The Promised Neverland: Review

The school library has recently added a large selection of new comics. The librarians actually reached out to me for some ideas. Naturally, I provided them with a two-page list of recommendations, with a short description next to each. Not all of these series were added, but a good few that I recommended can now be found in the library, Gotham Academy, Batman: Dark Prince Charming, and In Real Life, which I found out they already had. But the biggest recommendation I had was one that they thankfully took me up on: The Promised Neverland, one of my favorite comics of all time. With the series having concluded somewhat recently, the time is ripe to give it a review. 

The Promised Neverland follows three children, Emma, Norman and Ray, living at Gracefield Orphanage. They’re all living happily with their caretaker, until they find out that they’re going to be fed to giant, malformed monsters when they turn twelve. They’re all eleven, and their birthdays are coming up fast, so the three of them have to work to find a way to escape, while not alerting anyone that they’re doing so. 

The escape from Gracefield is fantastic, with what is easily the best villain in the series: the children’s caretaker Isabella. Isabella is intimidating and makes for a great tragic villain. Emma is one of my favorite female protagonists, being both very empathetic and caring, but still willing to do what it takes to escape, resorting to some brutal methods. Norman is smart and surprisingly ruthless at many points, and Ray provides a nice contrast to Emma’s more optimistic side. The escape from Gracefield is great, but only takes up five of the twenty volumes. So what’s next?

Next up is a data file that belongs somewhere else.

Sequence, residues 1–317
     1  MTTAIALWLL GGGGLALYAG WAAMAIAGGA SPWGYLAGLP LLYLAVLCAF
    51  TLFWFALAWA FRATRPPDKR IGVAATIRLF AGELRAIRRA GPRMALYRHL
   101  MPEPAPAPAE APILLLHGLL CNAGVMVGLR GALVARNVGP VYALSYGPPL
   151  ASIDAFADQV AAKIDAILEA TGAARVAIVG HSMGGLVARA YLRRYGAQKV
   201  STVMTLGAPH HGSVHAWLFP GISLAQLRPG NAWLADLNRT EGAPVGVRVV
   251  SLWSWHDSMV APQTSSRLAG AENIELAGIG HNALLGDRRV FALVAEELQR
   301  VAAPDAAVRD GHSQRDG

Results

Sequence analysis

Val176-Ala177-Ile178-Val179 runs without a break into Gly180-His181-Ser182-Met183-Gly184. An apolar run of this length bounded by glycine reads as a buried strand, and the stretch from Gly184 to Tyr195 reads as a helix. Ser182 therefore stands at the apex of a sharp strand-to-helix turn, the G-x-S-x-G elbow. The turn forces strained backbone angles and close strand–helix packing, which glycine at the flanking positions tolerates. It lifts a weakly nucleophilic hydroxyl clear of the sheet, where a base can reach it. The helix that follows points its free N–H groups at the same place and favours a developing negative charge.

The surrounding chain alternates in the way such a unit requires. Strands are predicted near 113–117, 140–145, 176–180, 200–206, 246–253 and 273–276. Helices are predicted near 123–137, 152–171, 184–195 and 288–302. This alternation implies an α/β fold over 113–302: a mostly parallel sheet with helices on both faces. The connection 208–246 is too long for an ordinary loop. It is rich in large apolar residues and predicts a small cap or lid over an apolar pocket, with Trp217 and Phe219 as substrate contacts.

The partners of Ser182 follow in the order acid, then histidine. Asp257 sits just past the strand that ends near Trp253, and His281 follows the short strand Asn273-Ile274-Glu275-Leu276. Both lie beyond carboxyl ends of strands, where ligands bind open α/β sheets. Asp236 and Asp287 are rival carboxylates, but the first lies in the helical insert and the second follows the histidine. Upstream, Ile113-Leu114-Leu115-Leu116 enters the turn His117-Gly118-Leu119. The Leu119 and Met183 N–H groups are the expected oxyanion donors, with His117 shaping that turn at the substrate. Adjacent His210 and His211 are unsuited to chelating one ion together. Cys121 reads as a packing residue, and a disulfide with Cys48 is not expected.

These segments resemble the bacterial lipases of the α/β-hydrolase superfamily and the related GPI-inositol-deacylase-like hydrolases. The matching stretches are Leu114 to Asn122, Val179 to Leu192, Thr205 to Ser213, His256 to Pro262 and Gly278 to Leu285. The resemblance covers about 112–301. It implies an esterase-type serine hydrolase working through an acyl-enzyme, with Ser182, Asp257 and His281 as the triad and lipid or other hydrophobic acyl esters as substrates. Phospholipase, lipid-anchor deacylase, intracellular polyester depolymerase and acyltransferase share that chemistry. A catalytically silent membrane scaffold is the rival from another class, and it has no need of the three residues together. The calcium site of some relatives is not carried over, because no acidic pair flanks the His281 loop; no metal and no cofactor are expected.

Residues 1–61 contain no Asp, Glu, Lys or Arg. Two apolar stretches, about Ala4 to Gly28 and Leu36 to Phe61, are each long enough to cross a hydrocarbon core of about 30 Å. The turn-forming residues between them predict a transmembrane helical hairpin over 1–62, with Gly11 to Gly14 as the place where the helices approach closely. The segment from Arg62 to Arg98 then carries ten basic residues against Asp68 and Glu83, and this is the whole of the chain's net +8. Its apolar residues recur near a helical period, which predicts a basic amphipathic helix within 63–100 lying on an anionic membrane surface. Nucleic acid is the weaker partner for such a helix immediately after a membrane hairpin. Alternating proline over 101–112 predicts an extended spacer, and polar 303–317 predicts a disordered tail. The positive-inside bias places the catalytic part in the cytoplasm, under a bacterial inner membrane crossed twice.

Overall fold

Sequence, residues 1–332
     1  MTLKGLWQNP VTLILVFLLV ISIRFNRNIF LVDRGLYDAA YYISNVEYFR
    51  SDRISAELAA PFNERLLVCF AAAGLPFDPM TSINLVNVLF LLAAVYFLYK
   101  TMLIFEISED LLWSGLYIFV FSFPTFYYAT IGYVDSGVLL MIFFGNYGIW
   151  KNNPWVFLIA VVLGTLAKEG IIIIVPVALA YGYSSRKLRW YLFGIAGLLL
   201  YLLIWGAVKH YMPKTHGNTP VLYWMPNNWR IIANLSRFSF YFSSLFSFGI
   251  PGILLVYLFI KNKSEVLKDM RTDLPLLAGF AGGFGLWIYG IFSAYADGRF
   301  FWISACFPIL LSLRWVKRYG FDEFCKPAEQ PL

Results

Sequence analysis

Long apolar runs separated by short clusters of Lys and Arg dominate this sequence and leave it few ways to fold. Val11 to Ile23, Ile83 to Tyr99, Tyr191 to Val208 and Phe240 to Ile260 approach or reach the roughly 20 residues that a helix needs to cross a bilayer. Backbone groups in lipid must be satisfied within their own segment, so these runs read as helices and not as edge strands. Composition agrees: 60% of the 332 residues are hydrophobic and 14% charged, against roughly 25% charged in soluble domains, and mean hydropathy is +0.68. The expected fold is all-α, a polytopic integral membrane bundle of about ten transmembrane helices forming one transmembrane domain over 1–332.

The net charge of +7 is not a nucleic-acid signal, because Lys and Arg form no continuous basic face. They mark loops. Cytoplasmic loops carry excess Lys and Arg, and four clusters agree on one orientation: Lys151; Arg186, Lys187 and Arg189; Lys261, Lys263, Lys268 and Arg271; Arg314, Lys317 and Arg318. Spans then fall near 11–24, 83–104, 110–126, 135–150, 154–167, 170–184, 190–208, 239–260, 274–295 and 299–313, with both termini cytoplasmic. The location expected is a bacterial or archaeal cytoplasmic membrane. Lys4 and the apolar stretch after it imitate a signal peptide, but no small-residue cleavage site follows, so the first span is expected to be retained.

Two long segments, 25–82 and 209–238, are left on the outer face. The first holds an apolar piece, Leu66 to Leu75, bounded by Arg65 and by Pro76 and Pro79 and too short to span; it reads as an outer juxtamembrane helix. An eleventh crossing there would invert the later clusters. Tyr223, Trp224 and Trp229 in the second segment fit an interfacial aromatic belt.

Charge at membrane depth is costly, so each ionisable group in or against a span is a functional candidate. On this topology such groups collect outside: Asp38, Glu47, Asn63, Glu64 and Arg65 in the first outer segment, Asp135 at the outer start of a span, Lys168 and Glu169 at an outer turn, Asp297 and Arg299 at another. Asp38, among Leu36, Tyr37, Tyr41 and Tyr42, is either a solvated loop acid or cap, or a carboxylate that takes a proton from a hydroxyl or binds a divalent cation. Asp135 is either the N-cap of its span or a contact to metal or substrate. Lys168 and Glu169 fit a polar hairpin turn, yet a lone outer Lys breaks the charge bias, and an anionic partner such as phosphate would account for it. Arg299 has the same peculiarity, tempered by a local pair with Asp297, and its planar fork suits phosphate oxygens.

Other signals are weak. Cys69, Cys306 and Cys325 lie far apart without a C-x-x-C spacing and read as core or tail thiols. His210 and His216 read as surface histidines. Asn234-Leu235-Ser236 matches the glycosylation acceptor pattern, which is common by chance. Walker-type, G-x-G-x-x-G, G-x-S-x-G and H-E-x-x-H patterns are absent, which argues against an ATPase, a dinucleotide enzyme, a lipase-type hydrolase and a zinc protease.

The Goldy Pond arc, where the series jumps from a psychological thriller to a dark fantasy battle series. While this section of the story lacks some of the more dramatic moments of the first five volumes, and has a villain that’s not as interesting, I still think Goldy Pond is better than Gracefield. The action is fantastic, with a lot more thinking and planning than the average comic. Now that the series has left the orphanage behind, it’s free to cut loose with the monster and world designs. Lord Byron and all the other monsters that Emma and the others go up against are an exciting delight. 

Unfortunately, I think the series begins to go downhill after this. The next bit is another great story, with the Lambda kids being memorable antagonists. The Regent Demons are also solid, though still on the weaker ends of villains in the series. The problem here is that Emma and Ray don’t do a whole lot during this bit, same with everyone who’s not the Lambda kids, the Regents, or the Lambda leader. There’s also the matter of Ayshe. I thought her character was absolutely fascinating, and had a really unique backstory, but she gets almost nothing to do. 

Promised Neverland isn’t perfect, especially toward the end. There needed to be more character interactions between the Gracefield and Goldy Pond kids; seeing them bonding and sharing different experiences could have been interesting. Same with the Lambda kids and Ayshe. There’s also the matter of Sister Krone, who is a black woman drawn with very large lips. They’re not red in the animated adaptation, and the character doesn’t fall into any of the unfortunate stereotypes the drawing would imply, but it’s still something that should have been pointed out to the creator. 

Despite the criticism I have, I still love The Promised Neverland. I love the characters, I love the action and strategies that the various heroes and villains employ, I love the unique artwork of the series, I love the writing, and I love the way the series evolves from a thriller to a battle royale to an epic fantasy and back down to the smaller scale it began with. The Promised Neverland is one of my favorite comics of all time, and re-reading it hasn’t changed that. We are fortunate to have it in our school library.

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